Sharing information, joint working and communication
Guidance for housing managers
You should ensure:
- you work in partnership with local authority safeguarding leads to agree appropriate responses to referrals
- you work jointly to resolve any disagreements about referrals and eligibility
- you promote mutual professional respect
- your organisation has a lead officer for safeguarding, ideally a dedicated post
- your organisation has a lead officer for domestic abuse
- staff understand that sharing information, joint working and communication are essential for keeping people safe
- staff share common language and understandings with safeguarding partners
- staff understand the parameters of confidentiality
- staff are supported if a safeguarding referral is not accepted
- there is an effective communication loop to and from the local safeguarding adults board
- there is allocated time in team meetings to discuss current safeguarding concerns
- protocols are in place for sharing safeguarding information within and between organisations
- there are local mechanisms for sharing information on cases involving domestic abuse, anti-social behaviour and hate crime, where people with care and support needs may be at risk
- where appropriate, housing staff are supported to be involved in protection planning.
Failure to share information and poor communication have been key features in serious case reviews. As most local authority regions now have a number of housing providers operating in their area, the complexity of sharing and coordinating information on people who may be at risk of abuse and those who pose a risk cannot be underestimated.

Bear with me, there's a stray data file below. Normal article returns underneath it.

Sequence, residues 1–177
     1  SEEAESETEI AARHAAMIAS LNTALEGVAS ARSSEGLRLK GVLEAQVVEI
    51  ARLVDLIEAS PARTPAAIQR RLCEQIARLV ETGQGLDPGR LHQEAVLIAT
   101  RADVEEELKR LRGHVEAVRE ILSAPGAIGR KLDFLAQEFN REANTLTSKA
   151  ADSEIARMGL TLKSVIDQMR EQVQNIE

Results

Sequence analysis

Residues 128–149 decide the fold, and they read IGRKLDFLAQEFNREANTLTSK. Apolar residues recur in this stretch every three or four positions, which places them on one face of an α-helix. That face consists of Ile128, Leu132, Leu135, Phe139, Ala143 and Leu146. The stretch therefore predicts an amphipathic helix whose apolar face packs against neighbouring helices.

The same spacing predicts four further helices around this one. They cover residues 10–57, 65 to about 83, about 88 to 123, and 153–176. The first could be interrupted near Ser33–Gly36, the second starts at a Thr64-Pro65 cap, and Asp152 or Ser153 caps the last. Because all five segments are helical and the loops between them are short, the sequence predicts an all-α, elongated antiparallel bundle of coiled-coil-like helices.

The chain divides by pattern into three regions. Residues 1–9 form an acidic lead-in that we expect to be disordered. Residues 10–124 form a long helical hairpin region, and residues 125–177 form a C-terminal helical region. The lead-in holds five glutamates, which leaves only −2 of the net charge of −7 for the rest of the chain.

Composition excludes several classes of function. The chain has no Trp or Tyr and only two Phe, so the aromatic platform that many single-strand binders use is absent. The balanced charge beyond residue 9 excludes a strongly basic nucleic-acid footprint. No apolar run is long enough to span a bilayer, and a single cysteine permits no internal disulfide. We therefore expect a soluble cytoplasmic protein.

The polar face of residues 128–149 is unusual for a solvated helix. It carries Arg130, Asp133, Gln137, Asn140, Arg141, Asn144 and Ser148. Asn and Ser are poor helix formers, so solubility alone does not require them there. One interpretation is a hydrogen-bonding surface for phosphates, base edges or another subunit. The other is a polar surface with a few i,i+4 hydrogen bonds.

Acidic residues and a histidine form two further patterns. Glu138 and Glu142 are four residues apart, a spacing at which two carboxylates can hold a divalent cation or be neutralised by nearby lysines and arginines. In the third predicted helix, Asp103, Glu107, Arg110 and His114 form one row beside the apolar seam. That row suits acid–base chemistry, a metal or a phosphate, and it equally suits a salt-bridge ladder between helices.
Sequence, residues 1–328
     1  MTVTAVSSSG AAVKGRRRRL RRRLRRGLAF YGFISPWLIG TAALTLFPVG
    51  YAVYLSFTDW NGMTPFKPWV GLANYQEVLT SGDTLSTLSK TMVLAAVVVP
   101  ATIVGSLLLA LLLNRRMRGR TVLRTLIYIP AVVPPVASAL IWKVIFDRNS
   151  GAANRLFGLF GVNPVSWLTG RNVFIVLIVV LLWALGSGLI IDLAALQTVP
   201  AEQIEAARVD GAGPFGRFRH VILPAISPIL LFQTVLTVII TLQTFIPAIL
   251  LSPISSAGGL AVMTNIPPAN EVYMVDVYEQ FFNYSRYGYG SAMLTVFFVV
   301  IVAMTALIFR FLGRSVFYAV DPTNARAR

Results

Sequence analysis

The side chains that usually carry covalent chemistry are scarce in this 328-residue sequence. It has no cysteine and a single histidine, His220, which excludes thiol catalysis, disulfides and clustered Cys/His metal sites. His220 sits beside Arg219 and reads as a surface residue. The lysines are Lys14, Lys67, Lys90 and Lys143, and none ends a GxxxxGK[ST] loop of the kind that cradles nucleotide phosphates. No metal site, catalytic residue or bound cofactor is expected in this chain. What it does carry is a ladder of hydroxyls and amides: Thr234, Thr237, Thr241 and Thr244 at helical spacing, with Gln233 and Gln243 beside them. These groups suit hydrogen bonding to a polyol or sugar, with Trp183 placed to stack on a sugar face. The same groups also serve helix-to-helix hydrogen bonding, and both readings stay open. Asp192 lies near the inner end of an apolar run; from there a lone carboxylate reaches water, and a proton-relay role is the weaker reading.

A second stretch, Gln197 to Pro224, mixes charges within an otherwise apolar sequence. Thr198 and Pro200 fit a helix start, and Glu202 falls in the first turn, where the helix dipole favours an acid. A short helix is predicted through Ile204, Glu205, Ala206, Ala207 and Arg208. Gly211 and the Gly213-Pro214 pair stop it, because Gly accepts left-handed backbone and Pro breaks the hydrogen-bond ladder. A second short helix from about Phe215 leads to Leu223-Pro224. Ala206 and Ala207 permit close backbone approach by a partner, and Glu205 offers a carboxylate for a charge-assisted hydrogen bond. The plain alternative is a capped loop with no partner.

It is important that housing and adult social care staff work together with partners in health and the police to safeguard people with care and support needs. This will require them to share information between themselves and possibly with others, including carers, care and support services, the police and probation services, child protection, health and mental health services.
You must ensure that all your staff understand their responsibilities with regard to sharing information and have a basic understanding of confidentiality, the Data Protection Act 1998 and the right to respect for private and family life under Article 8 of the Human Rights Act 1998. They should also be aware that, without overriding these responsibilities, any person may disclose information to a relevant authority under Section 115 of the Crime and Disorder Act 1998 ‘where disclosure is necessary or expedient for the purposes of the Act (reduction and prevention of crime and disorder)’. 
Joint working and sharing information with voluntary care and support agencies is also important as they may be better placed to provide specialist support to individuals and to spot signs of abuse. For example, domestic abuse charities can provide counselling and support. Mental health charities can support treatment and provide activities, such as at-risk workshops and calming exercise classes, to support people with depression and anxiety that may be related to abuse. Fall care and support services can provide an extra form of monitoring by trained professionals. Relevant safeguarding information should be shared with such agencies in the interests of keeping people safe.
Sharing information within an organisation
Information shared within your organisation does not come under the Data Protection Act. The Information Commissioner has published guidance that sharing information between two separate local authorities is clearly subject to disclosure rules under the Act. However, sharing information between two departments in the same local authority does not come under the Act, unless the second department is going to use the information for a secondary purpose, different to the purpose for which the information was initially processed. 
Find out more about how data protection, Caldicott principles, human rights and the Mental Capacity Act affect the work of frontline housing staff.